Small Island Developing States Need Finance to Tackle Climate Crisis

Patricia Scotland

Sadly, in the last few weeks more than 100 people have died from oppressive heat in India.

In Africa, some countries are experiencing torrential rains while others are suffering from terrible droughts.

At the recent Commonwealth Health Ministers Meeting in Geneva, collectively we considered how climate change is increasing the incidence of vector-borne diseases – not only spreading malaria but other dangerous diseases like the recent dengue outbreak in Samoa. 

Commonwealth leaders have been calling for global action on climate change since 1989, before a process for international negotiations even existed.

In line with their calls, climate scientists have long warned the world of the need to limit global warming to 1.5 degrees Celsius to avoid dangerous tipping points which could lead to irreversible damage.

Worryingly in February 2024, we breached this critical milestone.

Over the past 12 months, global temperatures surpassed 1.5 degrees Celsius making it the hottest year on record.


The World Meteorological Organisation warns this record could be smashed again this year, which will lead to the loss of more lives and livelihoods, and place national systems and services under intense pressure.

This pressure is disproportionately borne by Small Island Developing States (SIDS).

Despite making up only 3% of the world’s land area, SIDS are vital for the whole of humanity and the planet we share.

They safeguard 11.5% of the ocean’s Exclusive Economic Zones, which include seven out of 10 coral hotspots, and 20% of all terrestrial bird, plant, and reptile species.  

Yet SIDS experience five times more climate-attributable deaths because of extreme weather events, and when shocks hit, our SIDS are hit hard.

A cyclone, or a hurricane, can knock a small or vulnerable country off its growth trajectory for years, if not decades.

In 2017, hurricane Maria devastated my own country of birth, Dominica, taking 225% of her GDP with it. 

In 2019, shortly after Dorian, the most powerful hurricane to ever hit the Bahamas, tore through the island nation.

I visited the northern islands of Abaco and Grand Bahama. I was heartbroken at seeing what I could then only describe as a war zone.

Last year, Vanuatu was devastated by category 5 cyclone Lola, which hit seven months after twin cyclones Judy and Kevin had wiped out 50% of her GDP.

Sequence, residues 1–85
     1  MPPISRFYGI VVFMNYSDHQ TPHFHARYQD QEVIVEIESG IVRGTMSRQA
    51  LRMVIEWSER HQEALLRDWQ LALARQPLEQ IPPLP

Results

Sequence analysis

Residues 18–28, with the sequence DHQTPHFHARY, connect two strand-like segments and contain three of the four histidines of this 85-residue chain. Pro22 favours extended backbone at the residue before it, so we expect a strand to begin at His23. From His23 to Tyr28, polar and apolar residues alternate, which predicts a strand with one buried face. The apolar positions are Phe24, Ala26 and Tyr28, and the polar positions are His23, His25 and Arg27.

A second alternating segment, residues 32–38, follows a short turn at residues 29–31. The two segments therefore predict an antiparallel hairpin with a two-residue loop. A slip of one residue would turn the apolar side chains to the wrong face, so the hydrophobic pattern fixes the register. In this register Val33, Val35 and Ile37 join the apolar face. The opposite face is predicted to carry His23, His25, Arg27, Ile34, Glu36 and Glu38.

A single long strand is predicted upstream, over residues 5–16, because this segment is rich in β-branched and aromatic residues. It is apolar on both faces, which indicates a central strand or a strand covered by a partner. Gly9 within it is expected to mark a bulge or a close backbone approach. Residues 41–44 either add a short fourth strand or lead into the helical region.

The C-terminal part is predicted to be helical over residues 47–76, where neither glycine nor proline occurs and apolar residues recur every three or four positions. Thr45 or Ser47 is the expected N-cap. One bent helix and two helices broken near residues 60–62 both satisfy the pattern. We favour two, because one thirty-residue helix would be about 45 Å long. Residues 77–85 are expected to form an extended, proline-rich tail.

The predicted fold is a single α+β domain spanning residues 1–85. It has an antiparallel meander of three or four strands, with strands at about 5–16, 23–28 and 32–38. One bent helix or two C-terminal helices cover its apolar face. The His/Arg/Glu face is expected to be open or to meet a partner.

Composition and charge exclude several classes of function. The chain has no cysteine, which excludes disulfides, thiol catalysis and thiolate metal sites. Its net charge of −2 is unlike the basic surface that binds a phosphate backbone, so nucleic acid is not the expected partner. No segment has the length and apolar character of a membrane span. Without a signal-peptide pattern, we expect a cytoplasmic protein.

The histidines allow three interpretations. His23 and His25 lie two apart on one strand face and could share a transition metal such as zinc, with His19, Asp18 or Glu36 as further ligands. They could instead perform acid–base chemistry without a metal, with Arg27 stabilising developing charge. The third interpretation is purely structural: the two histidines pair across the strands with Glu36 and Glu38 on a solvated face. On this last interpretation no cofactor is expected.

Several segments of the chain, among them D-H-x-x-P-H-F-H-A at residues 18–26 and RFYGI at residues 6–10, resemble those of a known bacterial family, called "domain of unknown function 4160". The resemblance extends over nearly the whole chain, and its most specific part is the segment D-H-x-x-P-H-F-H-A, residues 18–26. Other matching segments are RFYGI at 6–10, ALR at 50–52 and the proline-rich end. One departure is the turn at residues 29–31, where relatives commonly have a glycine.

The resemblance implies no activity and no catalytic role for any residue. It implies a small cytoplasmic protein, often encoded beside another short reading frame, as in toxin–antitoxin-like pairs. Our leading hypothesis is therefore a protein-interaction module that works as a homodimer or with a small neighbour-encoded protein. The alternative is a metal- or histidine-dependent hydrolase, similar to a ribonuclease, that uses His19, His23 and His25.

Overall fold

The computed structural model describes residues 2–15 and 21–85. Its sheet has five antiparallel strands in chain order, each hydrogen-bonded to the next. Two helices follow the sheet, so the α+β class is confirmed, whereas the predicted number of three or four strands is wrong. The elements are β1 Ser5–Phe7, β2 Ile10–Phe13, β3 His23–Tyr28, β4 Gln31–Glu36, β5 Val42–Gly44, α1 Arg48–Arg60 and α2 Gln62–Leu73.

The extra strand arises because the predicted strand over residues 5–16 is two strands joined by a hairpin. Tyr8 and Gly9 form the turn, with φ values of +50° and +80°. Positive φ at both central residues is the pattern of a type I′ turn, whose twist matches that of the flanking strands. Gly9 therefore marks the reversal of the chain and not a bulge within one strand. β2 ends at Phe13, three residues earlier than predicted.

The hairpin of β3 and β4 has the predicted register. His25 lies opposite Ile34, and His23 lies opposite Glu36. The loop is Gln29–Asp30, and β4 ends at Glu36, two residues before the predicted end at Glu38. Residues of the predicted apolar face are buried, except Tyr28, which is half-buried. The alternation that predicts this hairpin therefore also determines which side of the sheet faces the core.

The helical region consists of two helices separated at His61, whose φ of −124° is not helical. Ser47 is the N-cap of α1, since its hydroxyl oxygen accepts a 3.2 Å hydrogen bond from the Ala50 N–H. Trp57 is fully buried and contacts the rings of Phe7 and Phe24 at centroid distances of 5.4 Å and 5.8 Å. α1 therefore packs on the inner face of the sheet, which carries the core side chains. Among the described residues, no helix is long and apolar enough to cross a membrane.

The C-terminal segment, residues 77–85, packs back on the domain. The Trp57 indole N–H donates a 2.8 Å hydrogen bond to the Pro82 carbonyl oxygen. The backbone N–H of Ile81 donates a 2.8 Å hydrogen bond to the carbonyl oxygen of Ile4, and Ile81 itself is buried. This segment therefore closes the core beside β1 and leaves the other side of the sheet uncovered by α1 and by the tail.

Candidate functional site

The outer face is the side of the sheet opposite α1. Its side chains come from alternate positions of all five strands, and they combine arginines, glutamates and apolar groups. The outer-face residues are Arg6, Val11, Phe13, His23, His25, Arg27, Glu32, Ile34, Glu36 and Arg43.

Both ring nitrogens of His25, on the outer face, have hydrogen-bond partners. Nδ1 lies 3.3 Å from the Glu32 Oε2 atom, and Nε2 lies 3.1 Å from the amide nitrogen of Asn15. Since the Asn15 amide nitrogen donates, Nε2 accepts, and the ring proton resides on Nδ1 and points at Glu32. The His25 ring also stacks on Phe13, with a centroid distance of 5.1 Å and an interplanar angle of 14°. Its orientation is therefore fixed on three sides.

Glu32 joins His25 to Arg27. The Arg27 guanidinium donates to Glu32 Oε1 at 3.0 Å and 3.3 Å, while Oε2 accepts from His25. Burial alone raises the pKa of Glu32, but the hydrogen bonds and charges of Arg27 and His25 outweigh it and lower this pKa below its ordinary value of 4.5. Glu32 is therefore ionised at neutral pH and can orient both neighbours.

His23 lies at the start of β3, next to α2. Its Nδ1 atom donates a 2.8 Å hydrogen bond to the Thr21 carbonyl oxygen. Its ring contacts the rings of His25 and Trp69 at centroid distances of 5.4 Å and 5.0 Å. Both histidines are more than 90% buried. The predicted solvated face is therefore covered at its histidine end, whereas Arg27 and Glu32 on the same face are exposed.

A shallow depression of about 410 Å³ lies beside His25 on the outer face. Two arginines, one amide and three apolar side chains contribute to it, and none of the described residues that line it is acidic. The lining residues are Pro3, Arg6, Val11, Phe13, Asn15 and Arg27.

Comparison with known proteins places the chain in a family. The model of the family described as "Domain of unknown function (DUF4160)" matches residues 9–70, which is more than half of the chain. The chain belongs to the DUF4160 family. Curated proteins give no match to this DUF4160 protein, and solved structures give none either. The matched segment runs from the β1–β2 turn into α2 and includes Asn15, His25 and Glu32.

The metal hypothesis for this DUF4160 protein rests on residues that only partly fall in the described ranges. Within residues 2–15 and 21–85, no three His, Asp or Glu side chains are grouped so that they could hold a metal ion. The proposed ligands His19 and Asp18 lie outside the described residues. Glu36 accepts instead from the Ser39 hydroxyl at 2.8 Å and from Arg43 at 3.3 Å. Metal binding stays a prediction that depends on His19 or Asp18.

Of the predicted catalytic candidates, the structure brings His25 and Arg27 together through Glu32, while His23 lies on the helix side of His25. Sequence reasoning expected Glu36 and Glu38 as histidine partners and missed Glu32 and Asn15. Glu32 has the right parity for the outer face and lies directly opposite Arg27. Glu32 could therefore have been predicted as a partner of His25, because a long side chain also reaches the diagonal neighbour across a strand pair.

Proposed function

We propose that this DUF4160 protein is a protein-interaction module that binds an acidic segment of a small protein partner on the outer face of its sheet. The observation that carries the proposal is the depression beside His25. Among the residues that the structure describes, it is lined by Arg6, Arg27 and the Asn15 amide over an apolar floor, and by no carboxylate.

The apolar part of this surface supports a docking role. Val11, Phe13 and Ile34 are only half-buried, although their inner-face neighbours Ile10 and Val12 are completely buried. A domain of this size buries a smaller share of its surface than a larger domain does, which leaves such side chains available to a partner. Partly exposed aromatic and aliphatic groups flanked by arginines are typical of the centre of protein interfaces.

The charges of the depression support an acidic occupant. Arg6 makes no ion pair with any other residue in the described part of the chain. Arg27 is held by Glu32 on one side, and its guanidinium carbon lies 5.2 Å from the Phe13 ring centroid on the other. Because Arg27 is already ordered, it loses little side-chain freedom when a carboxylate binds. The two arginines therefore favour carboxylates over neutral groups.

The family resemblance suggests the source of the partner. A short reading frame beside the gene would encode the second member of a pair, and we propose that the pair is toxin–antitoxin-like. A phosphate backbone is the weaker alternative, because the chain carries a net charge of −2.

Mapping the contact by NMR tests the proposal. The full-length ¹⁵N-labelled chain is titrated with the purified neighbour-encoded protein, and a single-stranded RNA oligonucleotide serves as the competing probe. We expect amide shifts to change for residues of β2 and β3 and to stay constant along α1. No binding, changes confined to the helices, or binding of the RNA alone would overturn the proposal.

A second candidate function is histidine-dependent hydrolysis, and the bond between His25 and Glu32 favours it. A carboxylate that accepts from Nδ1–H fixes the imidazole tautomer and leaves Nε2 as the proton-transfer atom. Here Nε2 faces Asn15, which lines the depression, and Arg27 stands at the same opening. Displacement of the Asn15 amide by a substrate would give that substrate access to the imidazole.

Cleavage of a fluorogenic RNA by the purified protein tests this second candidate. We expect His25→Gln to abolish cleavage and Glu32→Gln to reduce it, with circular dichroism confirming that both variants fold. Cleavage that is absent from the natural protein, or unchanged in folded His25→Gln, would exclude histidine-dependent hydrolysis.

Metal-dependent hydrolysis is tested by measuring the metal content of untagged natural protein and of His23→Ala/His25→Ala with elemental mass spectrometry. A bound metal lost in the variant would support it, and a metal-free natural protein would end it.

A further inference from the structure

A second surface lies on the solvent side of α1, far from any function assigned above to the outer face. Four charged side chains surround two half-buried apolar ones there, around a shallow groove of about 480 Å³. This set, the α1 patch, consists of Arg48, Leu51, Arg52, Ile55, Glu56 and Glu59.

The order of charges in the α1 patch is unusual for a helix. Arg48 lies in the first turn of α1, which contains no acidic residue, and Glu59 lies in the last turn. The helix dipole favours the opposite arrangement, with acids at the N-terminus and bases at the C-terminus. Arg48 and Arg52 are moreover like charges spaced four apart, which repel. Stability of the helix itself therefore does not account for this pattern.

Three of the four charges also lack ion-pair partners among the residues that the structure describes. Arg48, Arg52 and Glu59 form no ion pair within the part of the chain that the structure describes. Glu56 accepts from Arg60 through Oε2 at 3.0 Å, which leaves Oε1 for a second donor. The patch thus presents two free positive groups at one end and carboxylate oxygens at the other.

The damage of these shocks is deepened by the lack of adequate financial support.


Despite contributing only 1% of all global carbon dioxide emissions, SIDS struggle to unlock climate finance.

In 2019, they had access to only US$1,5 billion of the US$100 billion pledged to developing countries.

With no alternatives, these countries are often left with no option but to obtain financing on unfavourable terms, resulting in high debt burdens, creating a vicious cycle where debt becomes unsustainable and access to finance becomes even more limited.

The Commonwealth is home to two-thirds of the world’s SIDS, and this exceptional convergence of hardships is at the heart of my motivation to champion and support SIDS at every level.

SIDS have also been saying enough is enough and are leading the charge to reset our climate finance ambitions.

At CoP28, Commonwealth SIDS were at the forefront of hard-won progress on Loss and Damage.

Samoa, the Commonwealth’s incoming chair-in-office, joined other small islands and vulnerable countries at the 4th International Conference on Small Island Developing States (SIDS4) in Antigua and Barbuda, with leaders calling for ‘collective quantified finance goals and funding’ to help them deal with frequent and intensifying natural disasters.


The Commonwealth is working to ensure that SIDS’ voices are heard at the highest level of the international system, while providing practical support in critical areas such as finance and disaster resilience.

Its Climate Finance Access Hub has unlocked US$330 million for our most vulnerable members, with another US$500 million worth of project proposals in the pipeline.

Our national climate finance advisors are working shoulder-to-shoulder with government officials across our member countries.

They are not just preparing project proposals but also building the capacity of governments to face the challenges of climate change and development. 

For years, we have seen leaders from these countries take the steps needed to transition toward low-carbon, climate-resilient development.

But to scale up this action, reliable climate finance is key.

The Commonwealth Secretariat will continue to advocate for increased funding for adaptation, mitigation, and resilience-building. This is a lifeline for vulnerable countries.

Our commitment to climate change is not new; it is part of the Commonwealth’s DNA, and our history of environmental leadership continues to guide us today.

Our next Commonwealth Heads of Government Meeting (CHOGM) will take place in Samoa in October – the first CHOGM in a Pacific Small Island State – with a clear focus on building the resilience essential for each of our 56 nations to thrive.

If we are to achieve this, the world must keep its promises.

Every commitment to climate action and finance made by world leaders is vital – but every failure to meet those commitments is an insult to the most vulnerable, and every example of inaction is an act of violence against those who need us to succeed, now and for generations to come.

The call to action on climate finance must be heeded.
– Patricia Scotland KC is secretary general of the Commonwealth

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